Therefore, he had to seek out other options which led to our adoption process. However, during our time in Country, we have come to find out the Father would like the boys to remain in the country and does not want them to be adopted.
It is very common culturally here for single parents to put their children in orphanages because they are unable to provide for them. This does not make them true orphans and does not always mean the parents want to relinquish their parental rights and have their children adopted.
It is often a temporary situation as orphanages tend to be able to provide more food for the children as well as an education.
With that said, we can in no way continue fighting for our adoption to go through. We now need to transition to fighting for this family to be reunited, even if that can’t be done immediately. Everything in this entire process led us to this moment. Without it, we would not have decided to move here, and if we didn’t move here we would not have found out this very important information.
It is absolutely devastating for us as we have loved and considered these boys our sons. We never imagined this would be the outcome and we are just beginning to grieve and process the impact this will have on our lives.
With our adoption ending, we do not believe our care for the boys should end. It will just look drastically different from adoption. It is very humbling to live in a foreign country and try to figure out what is best for children in a culture completely different from your own.
We naturally see things through an “American” lens which doesn’t easily transfer over to the African culture. Since we are just tapping the surface of learning the African culture, what we think would be best for the boys could really not be best.
Thankfully we have a very good relationship with the orphanage director and trust him completely. He is a local man and is helping us figure out the best next steps for the boys. We feel our job is to ask questions, but ultimately to trust his wisdom and guidance as far as what would be best for them.
As of now, we plan to enroll the oldest in school as soon as possible. He should’ve started in January but we asked the orphanage director not to enroll him since we were moving here and planned to home school him. Schools here are currently on break, so we will be able to get him enrolled by the start of the next term in a couple weeks.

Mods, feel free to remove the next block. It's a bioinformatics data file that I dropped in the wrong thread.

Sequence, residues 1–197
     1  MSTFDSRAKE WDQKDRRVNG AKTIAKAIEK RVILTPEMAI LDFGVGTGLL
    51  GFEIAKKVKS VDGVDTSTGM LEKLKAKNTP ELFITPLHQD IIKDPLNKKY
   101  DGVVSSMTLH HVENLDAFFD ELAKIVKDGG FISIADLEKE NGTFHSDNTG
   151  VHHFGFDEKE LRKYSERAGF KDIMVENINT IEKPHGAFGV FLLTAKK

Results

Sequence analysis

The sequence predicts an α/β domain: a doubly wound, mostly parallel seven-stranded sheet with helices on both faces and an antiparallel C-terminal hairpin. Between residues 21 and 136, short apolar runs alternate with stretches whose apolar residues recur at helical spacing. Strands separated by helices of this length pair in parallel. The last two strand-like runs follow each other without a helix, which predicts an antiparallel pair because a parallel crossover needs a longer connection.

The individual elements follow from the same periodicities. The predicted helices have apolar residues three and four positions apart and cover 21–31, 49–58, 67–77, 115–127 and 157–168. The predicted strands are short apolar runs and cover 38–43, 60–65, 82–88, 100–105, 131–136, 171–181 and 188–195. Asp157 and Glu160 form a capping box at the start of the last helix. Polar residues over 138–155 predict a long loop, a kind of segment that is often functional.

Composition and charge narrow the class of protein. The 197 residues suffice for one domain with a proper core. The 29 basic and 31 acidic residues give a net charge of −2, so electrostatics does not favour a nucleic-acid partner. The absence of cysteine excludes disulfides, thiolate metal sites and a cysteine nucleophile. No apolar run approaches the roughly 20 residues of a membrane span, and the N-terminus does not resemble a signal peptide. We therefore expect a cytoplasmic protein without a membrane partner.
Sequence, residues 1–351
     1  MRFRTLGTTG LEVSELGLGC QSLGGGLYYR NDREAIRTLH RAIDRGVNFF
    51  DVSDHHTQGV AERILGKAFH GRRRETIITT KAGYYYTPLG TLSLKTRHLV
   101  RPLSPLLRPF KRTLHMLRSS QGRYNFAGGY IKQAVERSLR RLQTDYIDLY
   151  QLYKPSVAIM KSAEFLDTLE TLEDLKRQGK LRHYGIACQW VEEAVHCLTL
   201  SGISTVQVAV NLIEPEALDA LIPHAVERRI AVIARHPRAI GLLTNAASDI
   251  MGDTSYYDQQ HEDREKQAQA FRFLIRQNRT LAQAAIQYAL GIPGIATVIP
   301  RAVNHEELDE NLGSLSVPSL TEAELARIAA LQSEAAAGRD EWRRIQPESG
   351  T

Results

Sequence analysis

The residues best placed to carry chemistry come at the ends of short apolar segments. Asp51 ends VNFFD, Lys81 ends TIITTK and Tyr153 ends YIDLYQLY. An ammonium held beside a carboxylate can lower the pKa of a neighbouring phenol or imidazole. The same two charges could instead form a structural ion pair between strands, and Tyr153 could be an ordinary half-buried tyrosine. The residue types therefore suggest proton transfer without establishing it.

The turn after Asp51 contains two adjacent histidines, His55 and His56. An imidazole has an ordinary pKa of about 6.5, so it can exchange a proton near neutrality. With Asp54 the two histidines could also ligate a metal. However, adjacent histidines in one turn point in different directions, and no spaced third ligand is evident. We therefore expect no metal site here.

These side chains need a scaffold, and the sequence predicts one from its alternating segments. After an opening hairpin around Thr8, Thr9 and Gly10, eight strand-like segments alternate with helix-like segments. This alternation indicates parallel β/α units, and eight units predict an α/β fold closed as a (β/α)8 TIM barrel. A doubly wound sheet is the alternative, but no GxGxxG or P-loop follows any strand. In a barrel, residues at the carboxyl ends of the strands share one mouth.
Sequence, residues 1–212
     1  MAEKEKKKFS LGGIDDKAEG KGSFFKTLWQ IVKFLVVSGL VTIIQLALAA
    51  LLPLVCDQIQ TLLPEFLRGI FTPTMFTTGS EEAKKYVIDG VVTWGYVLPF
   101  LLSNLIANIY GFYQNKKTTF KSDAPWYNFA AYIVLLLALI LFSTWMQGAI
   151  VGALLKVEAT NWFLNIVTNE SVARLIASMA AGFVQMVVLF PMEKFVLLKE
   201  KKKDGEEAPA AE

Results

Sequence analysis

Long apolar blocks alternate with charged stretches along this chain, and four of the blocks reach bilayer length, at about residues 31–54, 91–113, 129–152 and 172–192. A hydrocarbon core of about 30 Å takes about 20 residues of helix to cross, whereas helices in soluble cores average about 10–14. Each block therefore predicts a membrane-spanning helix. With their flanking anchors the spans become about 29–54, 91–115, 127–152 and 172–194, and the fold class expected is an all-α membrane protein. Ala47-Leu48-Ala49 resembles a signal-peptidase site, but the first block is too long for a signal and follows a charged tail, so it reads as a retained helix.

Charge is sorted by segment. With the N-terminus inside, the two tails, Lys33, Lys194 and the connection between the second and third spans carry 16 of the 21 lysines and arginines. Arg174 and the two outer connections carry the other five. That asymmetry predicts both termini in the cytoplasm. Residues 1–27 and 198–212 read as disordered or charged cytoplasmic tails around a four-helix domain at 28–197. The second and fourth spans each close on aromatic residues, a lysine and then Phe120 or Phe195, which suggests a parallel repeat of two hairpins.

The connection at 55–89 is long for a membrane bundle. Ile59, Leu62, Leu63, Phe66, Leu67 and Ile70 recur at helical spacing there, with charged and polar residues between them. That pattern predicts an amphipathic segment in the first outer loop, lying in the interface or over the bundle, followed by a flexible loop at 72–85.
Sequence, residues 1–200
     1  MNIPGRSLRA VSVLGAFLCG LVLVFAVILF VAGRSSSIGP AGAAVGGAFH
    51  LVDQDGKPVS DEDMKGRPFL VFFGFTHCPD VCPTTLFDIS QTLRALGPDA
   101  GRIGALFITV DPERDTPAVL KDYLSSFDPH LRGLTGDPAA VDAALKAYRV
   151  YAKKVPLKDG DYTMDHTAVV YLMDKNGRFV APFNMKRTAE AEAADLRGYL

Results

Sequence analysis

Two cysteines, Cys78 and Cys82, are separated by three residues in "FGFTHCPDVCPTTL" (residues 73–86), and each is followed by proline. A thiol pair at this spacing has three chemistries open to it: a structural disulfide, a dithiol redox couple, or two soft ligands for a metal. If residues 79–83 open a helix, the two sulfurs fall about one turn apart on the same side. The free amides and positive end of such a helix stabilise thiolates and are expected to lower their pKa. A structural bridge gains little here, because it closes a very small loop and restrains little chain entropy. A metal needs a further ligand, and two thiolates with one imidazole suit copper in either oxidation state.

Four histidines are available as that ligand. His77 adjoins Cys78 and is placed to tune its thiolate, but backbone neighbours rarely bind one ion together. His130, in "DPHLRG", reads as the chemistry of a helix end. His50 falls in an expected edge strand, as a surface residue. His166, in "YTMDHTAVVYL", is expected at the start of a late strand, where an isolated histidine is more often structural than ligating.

We are visiting schools so we can decide which one to enroll him in. The twins are still too young for school, but will be enrolled for January 2019. In the meantime we are working to find the best living situation for them and plan to meet with family members and the orphanage director in the near future.
We've made it to Africa! I don't think either of us really knew what to expect going into this transition. It has been exciting, exhausting, adventurous, uncomfortable and peaceful. So many different waves of emotion.
As our last flight landed we were relieved to be done traveling. The trip here was slightly anxiety filled as we began to feel the weight of this new journey we are embarking on. For me personally, once we got in the car, with our friend that picked us up, a deep peace came over me.
I felt like this is where we are supposed to be right now, and despite all the uncertainty ahead it feels right. Thankfully, even through the hard times, that deep peace has continued daily for both of us as we have been adjusting to life here.
Derrick has already mastered driving on the left side of the road and right side of the car. Thanks to the help of local missionaries we now know how to get to a couple different grocery stores and the orphanage.
We've almost unpacked all of our bags and feel like we can finally settle in more. The house we are renting feels like home and we are so thankful for that! We even have a mountain view from our patio which makes Colorado feel not so distant.
The days have been busy driving around getting things we need and spending time at the orphanage with our boys. The days go fast, yet we've had to learn to slow our pace of life so much. With all the bumpy dirt roads and the low clearance of our car it takes a lot of extra time to get around. What would be a 5 minute drive in America is a 15-20 minute drive here.